Recovery can be intimidating for a number of reasons, and taking the first first steps to recovery is one of the most challenging parts of the entire process. This first stride is one of the most important proprietors of change. Knowing what to expect during the onset of one’s journey can help an individual mentally and emotionally prepare th
emselves for the coming challenges while highlighting the transformations one is about to pursue.
While each individual’s journey may be unique, the feeling of uncertainty can be a common trait shared by many. However, this can also create an atmosphere of understanding among peers while taking this first step.
Making the Decision for Yourself
One’s attendance in a recovery facility can be the result of numerous reasons. For some, familial influence may have influenced one’s presence in recovery as they may be in attendance in order to begin to repair these relationships. Others may have a legal obligation to attend a dedicated recovery program. However, while one’s attendance can be at the behest of others, one’s dedication to change still has to come from their own decision.
Profound change can be impossible if an individual is not committed to the idea of changing in the first place or does not see the need to address their substance abuse. Making the decision to pursue change is a difficult and humbling experience that is not terribly comfortable but is nevertheless a necessary part of the recovery process.
The biggest reason why deciding to pursue change for oneself can feel so difficult is that it comes with a degree of vulnerability, guilt, and shame. Accepting change comes packaged with accepting the consequences of substance use – between strained relationships and the personal and professional ramifications therein, processing one’s situation can be a lot to handle. Denying and distancing oneself from these consequences can feel like the simpler, more peaceful option, even if it leaves these issues unaddressed and continuing to fester in one’s mind.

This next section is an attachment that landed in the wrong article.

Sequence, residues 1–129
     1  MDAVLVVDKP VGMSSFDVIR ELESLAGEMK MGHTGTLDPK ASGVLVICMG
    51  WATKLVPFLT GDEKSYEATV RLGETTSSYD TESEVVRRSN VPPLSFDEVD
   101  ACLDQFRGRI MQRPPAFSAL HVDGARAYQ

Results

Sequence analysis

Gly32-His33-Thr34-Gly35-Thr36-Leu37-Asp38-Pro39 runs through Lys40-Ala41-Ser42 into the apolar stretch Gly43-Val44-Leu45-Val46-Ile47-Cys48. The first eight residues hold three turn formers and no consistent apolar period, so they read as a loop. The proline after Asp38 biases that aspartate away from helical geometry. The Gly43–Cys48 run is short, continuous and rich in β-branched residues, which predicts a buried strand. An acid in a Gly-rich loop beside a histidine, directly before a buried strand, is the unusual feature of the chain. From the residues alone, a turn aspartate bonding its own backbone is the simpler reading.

While acceptance is uncomfortable, it is a necessary step into the heart of recovery. It is an experience shared by all who have committed themselves to the recovery process, making confronting these feelings a core part of one’s journey.
Detoxing the Body
Alongside the need for accepting the need for change, the physical detox of one’s body and mind is essential to the recovery process. It can be difficult to embrace sober practices and strategies while there are still traces of alcohol or drugs in one’s system.
Detox, a phase that lasts for about two weeks, can also come with intense withdrawal symptoms that may need professional care to navigate safely. Withdrawal is an uncomfortable experience at its best, so preparing oneself in a professional facility can help ease the discomfort and manage these symptoms.
Each individual will have their own symptoms that can occupy a wide range of physical and emotional effects depending on one’s frequency and intensity of substance use. However, this phase also marks the first profound change in one’s life, and overcoming these symptoms to see detox through is a testament to one’s strength already on display in recovery.
Changing Your Environment and Routine
The first step into recovery also comes with some major changes to one’s environment. One’s home may be populated with reminders of one’s former use – rooms in which one used to hide substances, memorabilia of vacations one spent drunk, or other indications of their past use.
Entering a recovery facility leaves many of these things back at an individual's home while they move into a curated recovery environment. While it can feel new and unfamiliar, this environmental change is intended to help signal the change in one’s lifestyle, distancing oneself from their past use and routines.
One’s time can also become highly regimented, with scheduled morning alarms, individual and group therapy sessions, group therapeutic activities, and personal time for self-care. All of this, alongside scheduled mealtimes and nightly routines to prepare for rest, can feel like a lot to adjust to. However, these activities are also the basis on which an individual can begin to build their personalized recovery strategies and introduce a degree of consistency to the uncertainty of a transforming future.
The first step into recovery can feel the most difficult, and it is common that this phase is met with a bit of resistance as an individual acclimates themselves to a new lifestyle. However, overcoming this phase of recovery can also be the most profound. The transformations therein can be the cornerstones of prolonged sobriety and recovery practices.
Making the decision to embrace this change can mark the beginning of a shift in one’s daily routine and mindset. This can serve as a testament to one’s strength to overcome addiction and substance abuse and process one’s past while planning for the future.